Monday, October 02, 2006

Mash-up or fender bender?

Sorry, I was not terribly impressed with this weeks' readings. I guess the concept of Remix comes naturally to me-I used to make properties for plays and films, and we always had to find unusual ways of building something very normal. Yee's page I found almost incipherable-so I watched part of his presentation. Actually, it was his Power point with his talk in voice over. Couldn't even make it into the meat of his talk-did anyone else try to sit through it? What was his big point? The video compression of his slides made them almost illegible. If he had something great to say, he went about it the wrong way.
I also made the mistake of printing out Miller's "Interoperability" paper to read on the bus. After mis-reading the title, I spent several moments wondering why someone would want an "Inoperable" program. I fear "Interoperability" is somewhat less "all-pervasive" term in the circles I run around with.This man loves jargon-the more inscrutable, the better. The meat of that work was in the hyper-text. Either do a better job of explaining what your concept is, or just hand me the articles you so frequently cited. Thirty-six citations in a three page work is too much! This article was too much like the MBA articles from the Harvard Business School my husband used to bring home. All sizzle, no steak, why am I paying so much for this meal, I'm going home now.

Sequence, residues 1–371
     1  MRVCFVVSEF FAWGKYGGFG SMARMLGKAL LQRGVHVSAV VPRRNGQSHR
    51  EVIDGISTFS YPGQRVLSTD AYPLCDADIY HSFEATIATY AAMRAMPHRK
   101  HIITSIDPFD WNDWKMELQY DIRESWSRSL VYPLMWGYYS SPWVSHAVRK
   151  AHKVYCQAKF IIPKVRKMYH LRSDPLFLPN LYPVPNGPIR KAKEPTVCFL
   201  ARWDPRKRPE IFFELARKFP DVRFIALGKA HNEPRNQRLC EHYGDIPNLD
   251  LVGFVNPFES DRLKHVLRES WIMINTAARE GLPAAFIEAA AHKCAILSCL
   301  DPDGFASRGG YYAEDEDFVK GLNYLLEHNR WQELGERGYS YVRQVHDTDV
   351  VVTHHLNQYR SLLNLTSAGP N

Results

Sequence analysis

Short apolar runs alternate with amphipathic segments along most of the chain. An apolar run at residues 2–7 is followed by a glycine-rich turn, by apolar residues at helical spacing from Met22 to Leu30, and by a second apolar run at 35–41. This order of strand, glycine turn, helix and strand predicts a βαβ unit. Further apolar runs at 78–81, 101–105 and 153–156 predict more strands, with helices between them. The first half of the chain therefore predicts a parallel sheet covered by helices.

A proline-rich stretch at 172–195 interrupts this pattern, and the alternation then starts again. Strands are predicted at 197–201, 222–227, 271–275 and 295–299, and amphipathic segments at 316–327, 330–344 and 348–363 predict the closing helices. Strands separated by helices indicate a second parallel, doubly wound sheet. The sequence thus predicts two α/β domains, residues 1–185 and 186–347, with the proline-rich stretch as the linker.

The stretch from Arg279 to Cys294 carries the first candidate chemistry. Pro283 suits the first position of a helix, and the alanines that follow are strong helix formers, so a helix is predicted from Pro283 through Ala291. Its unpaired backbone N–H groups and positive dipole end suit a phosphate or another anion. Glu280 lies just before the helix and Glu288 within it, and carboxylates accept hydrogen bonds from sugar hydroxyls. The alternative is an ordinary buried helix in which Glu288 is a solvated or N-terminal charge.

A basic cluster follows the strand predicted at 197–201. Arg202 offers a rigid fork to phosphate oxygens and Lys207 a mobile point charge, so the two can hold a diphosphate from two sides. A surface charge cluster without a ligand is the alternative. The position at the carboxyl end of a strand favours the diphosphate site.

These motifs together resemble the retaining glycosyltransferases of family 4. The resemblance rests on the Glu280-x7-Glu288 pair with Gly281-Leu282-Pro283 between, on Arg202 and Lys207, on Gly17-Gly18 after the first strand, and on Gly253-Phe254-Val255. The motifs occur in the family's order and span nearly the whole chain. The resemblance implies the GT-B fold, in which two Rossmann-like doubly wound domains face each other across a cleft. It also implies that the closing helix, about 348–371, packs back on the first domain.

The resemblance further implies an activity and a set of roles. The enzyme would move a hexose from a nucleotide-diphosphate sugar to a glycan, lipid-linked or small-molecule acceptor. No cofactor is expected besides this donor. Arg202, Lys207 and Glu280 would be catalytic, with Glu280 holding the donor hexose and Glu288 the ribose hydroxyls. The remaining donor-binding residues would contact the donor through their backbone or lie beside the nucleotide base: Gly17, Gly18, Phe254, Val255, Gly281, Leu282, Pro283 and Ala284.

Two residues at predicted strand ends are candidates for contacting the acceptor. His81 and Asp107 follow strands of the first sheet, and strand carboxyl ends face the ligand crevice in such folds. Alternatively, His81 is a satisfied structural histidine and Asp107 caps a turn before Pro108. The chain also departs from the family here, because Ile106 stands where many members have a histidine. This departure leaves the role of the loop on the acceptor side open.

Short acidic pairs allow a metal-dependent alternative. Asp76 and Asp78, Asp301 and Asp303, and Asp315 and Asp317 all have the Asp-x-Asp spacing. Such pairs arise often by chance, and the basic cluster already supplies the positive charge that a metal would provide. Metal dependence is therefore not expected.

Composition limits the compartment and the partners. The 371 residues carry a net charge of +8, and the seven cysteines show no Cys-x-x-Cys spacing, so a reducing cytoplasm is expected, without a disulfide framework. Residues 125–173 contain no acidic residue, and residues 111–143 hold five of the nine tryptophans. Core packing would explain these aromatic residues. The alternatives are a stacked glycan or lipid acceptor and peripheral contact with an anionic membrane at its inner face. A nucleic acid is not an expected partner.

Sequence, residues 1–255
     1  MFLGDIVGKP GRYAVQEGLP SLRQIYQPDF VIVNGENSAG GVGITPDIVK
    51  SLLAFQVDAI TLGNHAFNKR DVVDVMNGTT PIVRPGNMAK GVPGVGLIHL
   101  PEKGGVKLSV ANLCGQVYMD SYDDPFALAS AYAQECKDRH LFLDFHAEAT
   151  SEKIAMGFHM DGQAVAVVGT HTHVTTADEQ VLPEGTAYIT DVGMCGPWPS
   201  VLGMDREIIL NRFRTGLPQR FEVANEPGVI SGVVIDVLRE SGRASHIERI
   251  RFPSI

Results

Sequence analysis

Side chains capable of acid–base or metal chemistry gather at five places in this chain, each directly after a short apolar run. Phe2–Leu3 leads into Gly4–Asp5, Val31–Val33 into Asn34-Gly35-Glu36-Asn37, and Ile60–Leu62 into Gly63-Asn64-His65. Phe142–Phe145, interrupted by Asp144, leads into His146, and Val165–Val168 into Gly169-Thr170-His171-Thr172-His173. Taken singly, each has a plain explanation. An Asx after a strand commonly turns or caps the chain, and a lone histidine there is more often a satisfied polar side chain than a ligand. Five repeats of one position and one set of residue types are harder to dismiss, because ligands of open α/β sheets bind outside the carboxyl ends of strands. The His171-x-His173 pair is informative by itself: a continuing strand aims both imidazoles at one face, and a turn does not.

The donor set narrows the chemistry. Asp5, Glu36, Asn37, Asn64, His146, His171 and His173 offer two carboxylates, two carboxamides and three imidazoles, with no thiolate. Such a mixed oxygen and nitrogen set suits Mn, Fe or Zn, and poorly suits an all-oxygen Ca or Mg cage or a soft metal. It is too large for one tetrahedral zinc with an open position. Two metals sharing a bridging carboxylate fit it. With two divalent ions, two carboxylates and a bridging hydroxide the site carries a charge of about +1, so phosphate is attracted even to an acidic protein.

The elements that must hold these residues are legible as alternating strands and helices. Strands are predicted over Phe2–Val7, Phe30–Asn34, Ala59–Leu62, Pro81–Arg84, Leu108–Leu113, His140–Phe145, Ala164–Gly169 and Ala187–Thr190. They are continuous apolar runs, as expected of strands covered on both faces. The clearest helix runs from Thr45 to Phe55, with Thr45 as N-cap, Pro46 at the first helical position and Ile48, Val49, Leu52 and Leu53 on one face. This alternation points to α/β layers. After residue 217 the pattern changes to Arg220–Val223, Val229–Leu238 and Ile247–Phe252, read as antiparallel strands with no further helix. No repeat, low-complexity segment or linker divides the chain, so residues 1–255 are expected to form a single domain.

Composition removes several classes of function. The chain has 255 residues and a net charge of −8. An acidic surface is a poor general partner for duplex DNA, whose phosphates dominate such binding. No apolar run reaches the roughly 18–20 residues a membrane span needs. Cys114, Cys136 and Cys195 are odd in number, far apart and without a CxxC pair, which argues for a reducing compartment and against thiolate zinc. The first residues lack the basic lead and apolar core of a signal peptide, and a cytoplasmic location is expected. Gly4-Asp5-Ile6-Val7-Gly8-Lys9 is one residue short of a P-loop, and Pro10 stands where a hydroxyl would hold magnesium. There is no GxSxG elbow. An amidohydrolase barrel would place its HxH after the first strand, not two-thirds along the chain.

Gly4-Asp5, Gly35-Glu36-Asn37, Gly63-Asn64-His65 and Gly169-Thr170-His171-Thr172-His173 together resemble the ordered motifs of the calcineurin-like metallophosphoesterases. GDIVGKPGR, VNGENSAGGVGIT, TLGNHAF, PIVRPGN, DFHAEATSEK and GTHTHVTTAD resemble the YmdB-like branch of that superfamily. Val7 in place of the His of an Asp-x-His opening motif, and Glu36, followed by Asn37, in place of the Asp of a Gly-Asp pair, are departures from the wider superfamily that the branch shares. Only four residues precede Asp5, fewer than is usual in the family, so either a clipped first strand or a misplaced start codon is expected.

At least Semantic Humanities and Dr. Cohen valued the narrative tradition. Now that we have gotten everyone used to playing on the web, let's figure out how to get some real work done! Web 2.0-I can imagine a time when people could fix their own cars, and turn their Model As and Ts into custom vehicles for their work--just like my Great Uncles Cigo and Grazzi did when they installed two five-gallon barrels under the bench seat to smuggle moonshine into town during Prohibition. Anyway, time to get started creating resources on the web-I agree it is no longer enough just to stick stuff up. And I love the idea of getting others to do the work. So really, Dr. Cohen is advocating we clever computer-saavy folk learn to make more powerful frameworks for information, and letting interested parties fill in the blanks. Oh yeah, and let everyone use all the data. Sounds good to me, when do we start...

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